Julia Cameron on why creativity can’t be learned, but must be recovered

The bad old days when people were taught that creativity was only for a special, talented few are over. Most of us know we have the potential to be creative. But unleashing that potential can still be a tremendous struggle. Great artists of all kinds – writers, painters, musicians, dancers or any person accomplished in creative discipline – can often seem almost superhuman, able to achieve heights of creativity that are hard to imagine when we are stuck in the routines of daily life. So it’s natural, and all too easy, to confuse the technical skills those artists hold, with the basic human potential for creativity that we all possess.

“No matter what your age or your life path, whether making art is your career or your hobby or your dream, it is not too late or too egotistical or too selfish or too silly to work on your creativity.” Julia Cameron, The Artist’s Way: A Spiritual Path to Higher Creativity

The Artist’s Way : A Spiritual Path to Higher Creativity by Julia Cameron

In her seminal book on higher creativity, writer and filmmaker Julia Cameron shares her rich experience of helping artists reach their full creative potential, developed over hundreds of taught workshops with thousands of struggling creators.

The central idea of The Artist’s Way is that creativity is a fundamental quality of being human. We are all, every one of us, innately creative. But we lose our creative potential in the contest with daily life, and all of the stresses, pains and fears that are part of our lives. And because we are already creative, we can’t learn creativity, instead we must recover it.

The Artist’s Way is structured as a 12 week programme of creative recovery, modelled on the 12 step programme used by many alcoholics and others recovering from addiction. Cameron employs this radical approach because the causes of our lost creativity are very much like the causes of addiction. Her recovery programme employs many techniques and imparts many useful ideas, but at it’s heart The Artist’s Way is about learning to love ourselves, trust in our innate creativity, have faith in our potential, and recover the creative strength and courage that exists in all of us.

Cameron’s lessons use two words that many readers might struggle with – spiritual and God. But the relationship between humans as creators, and the creative potential of our universe, is fascinating to consider.

“Those who speak in spiritual terms routinely refer to God as creator but seldom see “creator” as the literal term for “artist”. I am suggesting you take the term “creator” quite literally. You are seeking to forge a creative alliance, artist-to-artist with the Great Creator. Accepting this concept can greatly expand your creative possibilities.” ~ Julia Cameron, The Artist’s Way: A Spiritual Path to Higher Creativity

I have a long history with Julia Cameron’s wonderful book. I saw it in a bookshop when I was 12, and not being able to afford to buy it, I sat and read The Artist’s Way for two hours until the bookshop closed. Many years later I found the book again after it was recommended by a friend. Then finally in early 2014 I made the time to follow the entire 12 step course. It helped me realise how I had been knocked off my own creative path many times by fear and a lack of faith. It’s a book I can’t recommend highly enough, and an investment of time that will pay back many times over as your own creative recovery unfolds.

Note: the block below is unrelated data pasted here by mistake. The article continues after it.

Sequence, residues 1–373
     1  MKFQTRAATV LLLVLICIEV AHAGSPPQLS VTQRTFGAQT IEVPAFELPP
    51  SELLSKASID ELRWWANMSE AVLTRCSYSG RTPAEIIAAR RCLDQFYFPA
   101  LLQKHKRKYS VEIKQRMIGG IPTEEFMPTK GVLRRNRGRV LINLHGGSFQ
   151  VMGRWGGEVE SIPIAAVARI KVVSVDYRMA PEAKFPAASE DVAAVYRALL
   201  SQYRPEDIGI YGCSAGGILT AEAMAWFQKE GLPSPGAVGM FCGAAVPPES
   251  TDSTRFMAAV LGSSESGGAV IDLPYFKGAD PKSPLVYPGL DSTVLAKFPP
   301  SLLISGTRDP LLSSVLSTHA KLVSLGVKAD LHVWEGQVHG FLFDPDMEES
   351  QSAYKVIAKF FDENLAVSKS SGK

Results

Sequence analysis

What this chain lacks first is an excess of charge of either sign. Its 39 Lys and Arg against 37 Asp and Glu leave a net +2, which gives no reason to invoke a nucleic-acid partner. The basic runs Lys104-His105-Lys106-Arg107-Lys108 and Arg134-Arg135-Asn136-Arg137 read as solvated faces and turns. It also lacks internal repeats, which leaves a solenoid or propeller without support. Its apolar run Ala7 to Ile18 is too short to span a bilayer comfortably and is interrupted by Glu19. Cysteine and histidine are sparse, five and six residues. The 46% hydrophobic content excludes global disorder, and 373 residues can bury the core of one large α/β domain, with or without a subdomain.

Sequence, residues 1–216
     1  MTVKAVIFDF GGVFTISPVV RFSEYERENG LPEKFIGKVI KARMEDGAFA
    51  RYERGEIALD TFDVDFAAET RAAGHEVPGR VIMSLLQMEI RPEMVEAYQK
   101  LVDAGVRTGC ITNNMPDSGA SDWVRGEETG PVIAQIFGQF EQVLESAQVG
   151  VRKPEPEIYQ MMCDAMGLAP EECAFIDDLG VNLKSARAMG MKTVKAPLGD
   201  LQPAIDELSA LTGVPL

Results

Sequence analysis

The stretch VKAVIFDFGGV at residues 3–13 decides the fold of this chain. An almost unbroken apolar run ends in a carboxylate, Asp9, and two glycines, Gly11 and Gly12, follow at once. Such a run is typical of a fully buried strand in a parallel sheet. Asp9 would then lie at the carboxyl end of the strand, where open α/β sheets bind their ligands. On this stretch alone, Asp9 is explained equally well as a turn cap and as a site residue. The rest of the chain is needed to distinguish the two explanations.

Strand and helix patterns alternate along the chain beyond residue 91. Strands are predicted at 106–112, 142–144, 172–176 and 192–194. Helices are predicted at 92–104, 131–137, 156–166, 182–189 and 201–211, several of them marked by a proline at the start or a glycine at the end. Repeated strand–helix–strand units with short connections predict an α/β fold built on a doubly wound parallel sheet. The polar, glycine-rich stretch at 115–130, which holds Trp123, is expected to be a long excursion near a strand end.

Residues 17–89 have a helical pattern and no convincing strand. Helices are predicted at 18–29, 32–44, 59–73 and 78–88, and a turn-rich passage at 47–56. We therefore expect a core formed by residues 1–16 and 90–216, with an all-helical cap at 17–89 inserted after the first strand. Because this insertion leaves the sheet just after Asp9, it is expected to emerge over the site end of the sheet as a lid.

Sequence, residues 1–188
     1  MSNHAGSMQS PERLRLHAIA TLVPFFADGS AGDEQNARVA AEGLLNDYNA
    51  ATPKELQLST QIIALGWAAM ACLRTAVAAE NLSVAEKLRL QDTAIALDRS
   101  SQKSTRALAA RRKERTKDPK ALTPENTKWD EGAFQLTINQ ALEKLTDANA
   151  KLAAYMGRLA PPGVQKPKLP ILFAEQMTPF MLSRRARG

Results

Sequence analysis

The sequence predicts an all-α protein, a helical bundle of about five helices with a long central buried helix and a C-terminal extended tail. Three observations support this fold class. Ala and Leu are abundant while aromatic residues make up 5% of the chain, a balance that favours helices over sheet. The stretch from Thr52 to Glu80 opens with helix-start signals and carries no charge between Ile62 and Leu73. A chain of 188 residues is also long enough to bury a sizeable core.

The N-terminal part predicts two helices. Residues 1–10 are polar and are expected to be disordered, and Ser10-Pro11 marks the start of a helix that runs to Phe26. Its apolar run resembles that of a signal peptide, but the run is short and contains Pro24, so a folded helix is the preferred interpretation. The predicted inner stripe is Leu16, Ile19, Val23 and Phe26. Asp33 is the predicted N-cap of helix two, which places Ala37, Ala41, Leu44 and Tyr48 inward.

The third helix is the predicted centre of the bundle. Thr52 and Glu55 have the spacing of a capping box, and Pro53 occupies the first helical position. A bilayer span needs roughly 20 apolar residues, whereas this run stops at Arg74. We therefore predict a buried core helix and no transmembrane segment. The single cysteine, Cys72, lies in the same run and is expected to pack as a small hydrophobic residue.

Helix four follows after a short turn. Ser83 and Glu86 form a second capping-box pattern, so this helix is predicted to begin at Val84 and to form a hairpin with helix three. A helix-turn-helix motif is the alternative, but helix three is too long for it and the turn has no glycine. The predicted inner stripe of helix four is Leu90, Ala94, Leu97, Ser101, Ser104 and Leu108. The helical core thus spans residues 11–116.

Published by Damien Walter

Writer and storyteller. Contributor to The Guardian, Independent, BBC, Wired, Buzzfeed and Aeon magazine. Special forces librarian (retired). Teaches the Rhetoric of Story to over 35,000 students worldwide.

6 thoughts on “Julia Cameron on why creativity can’t be learned, but must be recovered

  1. Great article on art and creativity, Damien. Her appraisal of the artist as a creator God had long-ago inspired me as a career working artist. In spite of all the judgments and financial disappointments, a working artist finally develops an inner strength and perseverance, realizing there is no way he or she can fail. Whatever that has been created out of nothing, has to be a success. I salute anyone who writes a poem, or an article, or a book, draws a drawing, paints a painting, throws a pot or builds a sculpture, landscapes gardens, designs beautiful dwellings, buildings, playgrounds, toys, makes music with their voice or an instrument, stands on a stage, speaks or acts or performs in any way, learns to move the body in dance, yoga or martial arts. Art as a self expression, art for art’s sake; seen, heard, read, done and praised, is the healing remedy for all who choose to affirm life. Hurray for all Creative Arts and Artists and guiding lights like Julia Cameron, and you for bringing this to our attention.


  2. I (face palm for the passing years), read the Way when it first came out. I filled a couple of journals, babbling my way through Julia’s questions, challenges and ‘contemplatives.’ It felt like a life dump, everything I had to get out of my system, before I could get out of my own way as a writer. Silence finally arrived. (I thought she’d never shut up, LOL.) And when I returned to story, my voice, not some amalgam of what the market wants, finally spoke.


  3. I just started reading The Artist’s Way (and doing the morning words) and happened upon a website complaining that it was “creepy” and “cultish.” Serendipitous that I happened upon your positive post, too.



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